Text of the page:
I found a wonderful brooch last week. It is round, bronze, and features some amazing cloisonné work. The image, a winged scarab beetle, is intricately rendered. This lead me to research the Art Deco Egyptian revival style.
I learned that the discovery of King Tut’s tomb in 1922 spawned a worldwide fascination with all things Egyptian. Egyptomania, as it came to be known, spread this imagery throughout the western world, making its themes popular in the decorative arts and design. The vocabulary of ancient Egyptian art was interpreted and adapted in the language of Art Deco, the popular style of the era.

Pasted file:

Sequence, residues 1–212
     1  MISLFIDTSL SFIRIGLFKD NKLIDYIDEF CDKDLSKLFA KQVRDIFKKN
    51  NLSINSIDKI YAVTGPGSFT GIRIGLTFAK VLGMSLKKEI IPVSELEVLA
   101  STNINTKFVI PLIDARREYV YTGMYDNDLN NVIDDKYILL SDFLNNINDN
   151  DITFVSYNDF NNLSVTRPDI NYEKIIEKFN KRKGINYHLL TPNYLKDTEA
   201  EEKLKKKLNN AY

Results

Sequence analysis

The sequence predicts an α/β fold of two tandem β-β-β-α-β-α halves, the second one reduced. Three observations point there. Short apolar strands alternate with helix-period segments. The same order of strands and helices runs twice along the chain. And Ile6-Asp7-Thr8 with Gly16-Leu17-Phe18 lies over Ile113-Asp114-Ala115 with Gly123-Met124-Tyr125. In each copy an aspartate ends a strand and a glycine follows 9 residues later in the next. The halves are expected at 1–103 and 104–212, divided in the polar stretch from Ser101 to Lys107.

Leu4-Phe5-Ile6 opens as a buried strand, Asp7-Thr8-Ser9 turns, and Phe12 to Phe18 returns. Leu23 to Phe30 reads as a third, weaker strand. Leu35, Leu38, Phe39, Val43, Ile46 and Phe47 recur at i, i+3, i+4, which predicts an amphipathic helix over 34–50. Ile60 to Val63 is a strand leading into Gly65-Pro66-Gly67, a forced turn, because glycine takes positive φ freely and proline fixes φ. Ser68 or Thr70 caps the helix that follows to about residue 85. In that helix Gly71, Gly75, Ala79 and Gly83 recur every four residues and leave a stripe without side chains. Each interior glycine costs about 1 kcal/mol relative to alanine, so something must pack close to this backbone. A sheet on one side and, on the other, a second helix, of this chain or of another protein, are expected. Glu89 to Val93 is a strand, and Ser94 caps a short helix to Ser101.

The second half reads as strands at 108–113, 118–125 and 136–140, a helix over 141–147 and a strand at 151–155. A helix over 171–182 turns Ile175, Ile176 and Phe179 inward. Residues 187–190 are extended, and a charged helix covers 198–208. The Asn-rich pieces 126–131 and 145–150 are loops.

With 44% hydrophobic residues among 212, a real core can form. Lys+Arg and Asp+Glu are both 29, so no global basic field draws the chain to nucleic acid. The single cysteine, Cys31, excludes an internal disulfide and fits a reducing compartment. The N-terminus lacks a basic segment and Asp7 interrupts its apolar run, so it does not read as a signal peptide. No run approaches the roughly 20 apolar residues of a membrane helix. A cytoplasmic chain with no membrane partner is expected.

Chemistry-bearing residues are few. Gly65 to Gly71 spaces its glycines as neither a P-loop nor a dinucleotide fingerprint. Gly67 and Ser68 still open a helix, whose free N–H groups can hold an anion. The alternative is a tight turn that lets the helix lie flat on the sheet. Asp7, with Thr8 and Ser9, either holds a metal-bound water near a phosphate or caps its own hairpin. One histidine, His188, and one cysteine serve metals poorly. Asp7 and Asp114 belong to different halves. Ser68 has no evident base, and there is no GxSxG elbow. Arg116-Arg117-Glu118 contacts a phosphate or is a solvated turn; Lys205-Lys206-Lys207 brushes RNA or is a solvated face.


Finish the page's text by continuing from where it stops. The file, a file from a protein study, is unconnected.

The Egyptian influence was considered exotic: it held the allure of ancient opulence in a foreign culture with mysterious symbols. Egyptian revival designs used amulets like the eye of Horus, symbolizing healing and protection; scarabs and lotus flowers representing rebirth and resurrection; and the Ankh, meaning eternal life, as inspiration. Other jewelry featured carved hieroglyphics, pharaoh’s heads, sphinxes, obelisks pyramids and palm trees.
The brooch I found uses uses enamel inlays in rich, gorgeous colors to showcase the Egyptian Deco style. Here are a few more I found around the web: